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Articles about items in the news are only considered encyclopedic if they are verifiably of significant lasting and historical interest and impact.
Wikipedia is not a paper encyclopedia which means that there is no practical limit to the number of topics we can cover or the total amount of content. However, it is also not an indiscriminate collection of information and it is not newspaper.
Many things are in the news and are reported by numerous reliable and verifiable sources that are independent of the subject, yet are not of historic or encyclopedic importance. News organizations have different criteria for their content than the criteria used by encyclopedias. A violent crime, sensationalized event or accidental death may be notable enough to reporters and news editors to justify coverage in the news, but not be of encyclopedic importance. But a crime that led to a significant change in the law, an event that actually became a sensation, or a death that led to new safety practices, may have long-term encyclopedic value, and could merit an article if sufficient secondary sources were available to establish its importance.
The guidelines for verifiability, notability and reliable sources, followed to the letter, would mean that any news event which was independently reported by multiple news reporting services on any given day could have a Wikipedia article, even if it were the most trivial coverage or sensationalistic story. Notability has no time value, so any story from any time in the past would be equally qualified. The standard guidelines, strictly interpreted and applied to their logical conclusion, lead to an absurd result.
Articles in relation to news events
Articles should not be about events that have strictly passing significance and interest. Events which only garner transitory attention do not merit encyclopedic articles, and may be better suited for news portals such as Wikinews. While it may be difficult to determine whether or not an article's subject will have long lasting significance, articles which clearly do not meet these criteria are likely subjects of only very short-lived usefulness to the readers, and therefore should be considered for either deletion or merger with an appropriate corresponding article on a broader subject (such as merging information about a one-shot news event involving a celebrity with the celebrity's main article). This should be done with due caution, however. Subjects which have already received significant coverage over a period of time, with follow-up stories exploring new information or story angles are demonstrably not of only one-time interest.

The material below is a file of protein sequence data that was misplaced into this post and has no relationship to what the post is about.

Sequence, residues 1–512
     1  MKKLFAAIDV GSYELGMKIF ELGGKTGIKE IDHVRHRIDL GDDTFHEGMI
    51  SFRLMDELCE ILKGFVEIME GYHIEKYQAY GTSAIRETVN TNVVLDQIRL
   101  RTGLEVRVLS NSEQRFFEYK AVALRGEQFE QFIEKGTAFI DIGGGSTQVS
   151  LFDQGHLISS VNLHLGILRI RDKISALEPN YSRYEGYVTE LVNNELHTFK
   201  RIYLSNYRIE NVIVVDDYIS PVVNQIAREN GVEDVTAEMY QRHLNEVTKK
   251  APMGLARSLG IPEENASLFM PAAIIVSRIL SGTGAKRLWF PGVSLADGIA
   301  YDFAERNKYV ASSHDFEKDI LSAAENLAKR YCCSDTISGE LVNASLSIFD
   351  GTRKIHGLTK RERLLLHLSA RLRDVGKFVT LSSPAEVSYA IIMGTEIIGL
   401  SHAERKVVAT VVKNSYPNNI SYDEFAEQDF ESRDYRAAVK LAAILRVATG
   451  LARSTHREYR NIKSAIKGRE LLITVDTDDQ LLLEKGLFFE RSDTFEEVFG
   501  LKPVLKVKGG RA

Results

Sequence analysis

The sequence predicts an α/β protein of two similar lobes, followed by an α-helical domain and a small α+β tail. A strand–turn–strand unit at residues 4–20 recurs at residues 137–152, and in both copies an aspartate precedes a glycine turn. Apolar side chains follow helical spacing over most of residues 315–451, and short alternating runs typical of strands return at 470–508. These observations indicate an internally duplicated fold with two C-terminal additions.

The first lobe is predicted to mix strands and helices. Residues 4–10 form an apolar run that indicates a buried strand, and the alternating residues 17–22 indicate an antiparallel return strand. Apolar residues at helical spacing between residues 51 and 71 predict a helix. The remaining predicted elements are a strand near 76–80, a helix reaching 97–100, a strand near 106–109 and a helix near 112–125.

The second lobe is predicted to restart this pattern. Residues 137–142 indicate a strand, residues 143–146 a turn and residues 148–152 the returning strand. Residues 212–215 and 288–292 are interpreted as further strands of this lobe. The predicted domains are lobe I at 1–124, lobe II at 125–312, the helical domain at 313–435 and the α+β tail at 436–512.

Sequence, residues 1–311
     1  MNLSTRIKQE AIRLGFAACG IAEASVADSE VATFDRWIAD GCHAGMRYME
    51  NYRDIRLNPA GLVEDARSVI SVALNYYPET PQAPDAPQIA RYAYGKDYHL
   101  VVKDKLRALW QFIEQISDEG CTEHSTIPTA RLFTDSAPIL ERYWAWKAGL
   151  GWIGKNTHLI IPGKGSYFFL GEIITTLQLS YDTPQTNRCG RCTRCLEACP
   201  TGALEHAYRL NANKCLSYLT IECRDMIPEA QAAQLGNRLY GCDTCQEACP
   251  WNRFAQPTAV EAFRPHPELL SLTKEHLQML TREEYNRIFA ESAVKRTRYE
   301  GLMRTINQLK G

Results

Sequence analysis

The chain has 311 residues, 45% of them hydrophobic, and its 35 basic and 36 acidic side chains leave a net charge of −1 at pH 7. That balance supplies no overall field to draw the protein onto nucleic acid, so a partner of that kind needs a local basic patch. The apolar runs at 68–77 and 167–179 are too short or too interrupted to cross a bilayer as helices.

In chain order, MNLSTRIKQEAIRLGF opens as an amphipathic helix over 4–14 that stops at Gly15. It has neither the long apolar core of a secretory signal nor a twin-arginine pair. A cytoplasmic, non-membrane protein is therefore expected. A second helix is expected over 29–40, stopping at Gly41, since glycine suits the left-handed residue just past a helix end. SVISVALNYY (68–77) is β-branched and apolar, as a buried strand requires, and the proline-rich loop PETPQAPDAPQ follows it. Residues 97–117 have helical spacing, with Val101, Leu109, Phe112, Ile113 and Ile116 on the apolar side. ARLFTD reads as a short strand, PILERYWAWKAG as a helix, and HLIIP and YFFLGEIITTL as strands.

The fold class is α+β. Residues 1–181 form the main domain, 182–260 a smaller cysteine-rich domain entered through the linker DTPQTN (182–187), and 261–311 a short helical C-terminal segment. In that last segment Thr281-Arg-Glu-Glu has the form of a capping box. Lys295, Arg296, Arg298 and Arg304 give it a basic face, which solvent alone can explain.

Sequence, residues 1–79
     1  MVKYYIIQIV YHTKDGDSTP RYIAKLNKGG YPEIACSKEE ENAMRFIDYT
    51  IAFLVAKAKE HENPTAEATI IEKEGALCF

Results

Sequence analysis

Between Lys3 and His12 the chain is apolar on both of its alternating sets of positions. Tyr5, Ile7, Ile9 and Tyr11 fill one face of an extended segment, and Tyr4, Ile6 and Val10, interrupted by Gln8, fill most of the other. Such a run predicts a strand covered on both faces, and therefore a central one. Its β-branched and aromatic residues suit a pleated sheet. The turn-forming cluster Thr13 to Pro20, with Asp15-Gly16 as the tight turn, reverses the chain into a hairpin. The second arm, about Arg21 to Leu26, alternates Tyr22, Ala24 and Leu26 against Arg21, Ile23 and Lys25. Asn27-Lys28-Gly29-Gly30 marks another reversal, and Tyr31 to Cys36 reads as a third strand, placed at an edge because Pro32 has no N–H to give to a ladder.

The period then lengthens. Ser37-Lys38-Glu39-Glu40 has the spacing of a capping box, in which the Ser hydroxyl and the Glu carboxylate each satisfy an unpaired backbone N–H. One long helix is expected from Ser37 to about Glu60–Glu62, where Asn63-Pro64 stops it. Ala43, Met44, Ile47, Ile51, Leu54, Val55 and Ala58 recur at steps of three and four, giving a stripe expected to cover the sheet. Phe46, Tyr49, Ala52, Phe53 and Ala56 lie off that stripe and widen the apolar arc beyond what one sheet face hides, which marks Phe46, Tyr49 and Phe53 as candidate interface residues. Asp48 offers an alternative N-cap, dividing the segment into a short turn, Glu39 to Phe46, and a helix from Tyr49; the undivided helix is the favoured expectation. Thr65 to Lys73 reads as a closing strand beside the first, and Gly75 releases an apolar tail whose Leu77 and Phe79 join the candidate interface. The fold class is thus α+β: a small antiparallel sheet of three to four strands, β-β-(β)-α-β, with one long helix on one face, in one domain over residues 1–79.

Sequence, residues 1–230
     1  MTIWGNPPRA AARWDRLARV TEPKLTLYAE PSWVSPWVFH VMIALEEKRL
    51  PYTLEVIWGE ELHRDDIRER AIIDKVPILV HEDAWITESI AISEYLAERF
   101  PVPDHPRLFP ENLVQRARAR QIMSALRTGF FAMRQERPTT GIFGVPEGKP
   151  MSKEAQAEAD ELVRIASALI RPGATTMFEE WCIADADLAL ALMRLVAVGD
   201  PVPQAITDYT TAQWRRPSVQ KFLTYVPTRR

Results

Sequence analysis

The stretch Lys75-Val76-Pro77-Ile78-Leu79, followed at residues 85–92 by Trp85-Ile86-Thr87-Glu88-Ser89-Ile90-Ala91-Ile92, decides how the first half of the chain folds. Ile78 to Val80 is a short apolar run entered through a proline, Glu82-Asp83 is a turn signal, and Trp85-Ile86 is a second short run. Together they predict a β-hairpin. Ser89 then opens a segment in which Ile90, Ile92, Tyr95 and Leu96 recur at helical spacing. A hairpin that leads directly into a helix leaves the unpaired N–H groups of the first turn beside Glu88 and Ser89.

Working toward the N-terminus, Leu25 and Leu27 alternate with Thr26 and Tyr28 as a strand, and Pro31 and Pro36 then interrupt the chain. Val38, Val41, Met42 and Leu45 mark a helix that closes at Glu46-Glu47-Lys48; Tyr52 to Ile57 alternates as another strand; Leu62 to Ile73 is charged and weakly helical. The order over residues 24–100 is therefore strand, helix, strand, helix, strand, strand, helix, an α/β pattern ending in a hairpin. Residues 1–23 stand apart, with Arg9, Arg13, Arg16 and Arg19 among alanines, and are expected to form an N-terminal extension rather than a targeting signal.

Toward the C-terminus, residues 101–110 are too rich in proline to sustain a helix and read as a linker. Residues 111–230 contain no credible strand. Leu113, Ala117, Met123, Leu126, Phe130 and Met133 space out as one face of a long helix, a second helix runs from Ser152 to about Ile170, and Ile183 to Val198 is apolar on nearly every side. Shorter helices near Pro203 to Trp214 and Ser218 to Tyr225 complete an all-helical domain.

For those who wish to write about current events, including those which may not be appropriate for an encyclopedia, our sister project, Wikinews is specifically intended to cover current events, and also permits original reporting that is not allowed on Wikipedia. Allowing coverage of current events which are outside the scope of this project (a general-purpose encyclopedia) would be to the detriment of both Wikinews and Wikipedia. Each has its place, and article subjects that belong in one, do not necessarily belong in the other. If a subject is of dubious encyclopedic value now, it may be better to write about it at Wikinews first, adding sources there as the story develops. Then, if the sources support inclusion in an encyclopedia, a related Wikipedia article can be developed citing those sources (but excluding any original reporting). The two projects are not mutually exclusive, so a subject may appear in either one, or both, but the articles will be written differently, and must meet different standards, to comply with each project's separate goals.
- To add or contribute to news stories on Wikinews, visit Wikinews.org.
News items are generally considered notable (meriting an independent article) if they meet any of the following criteria:
- The subject of the news item has become the subject of secondary documentation or analysis independent of news services. This includes being the subject of books, documentaries or non-trivial academic study (i.e. excluding non-scientific surveys), or incorporation in an important public debate.
- The subject of the news item has set, or has caused to set, a precedent in some way. This includes new laws being passed, novel interpretations of existing law, first tests of new law, notable "first of its kind" achievements, new or increased safety legislation, causing a notable change in societal behaviour or norms, etc. (Predictions that it will set a precedent, however, are inappropriate attempts to predict the future).
- Note: Where a single news wire story or press release has been used by several news publications, this should only be counted as a single source in all notability discussions. Likewise, when reporters base their information off other news coverage (for example, "AP reported that ..."), the coverage is only a single source. Such derivative reports are not independent of each other and can not be used to verify each other. However, if multiple mainstream news outlets do independent reporting on a single event, this is independent coverage.
News items that do not meet the above criteria, but which involve a notable subject should be included in the article about the notable subject, if it can be put in appropriate context there. Where no one subject is an appropriate merge target for the content, it may be better to create a stand-alone article with additional material to appropriately contextualize the content.
- Wikipedia:Arguments to avoid in deletion discussions#It's in the news
- Wikipedia:Notability (criminal acts)
- Wikipedia:What Wikipedia is Not#Wikipedia is not an indiscriminate collection of information #4:Not a collection of news reports
- Wikipedia:Wikipedia is not a newspaper
- Wikipedia:Notability (events)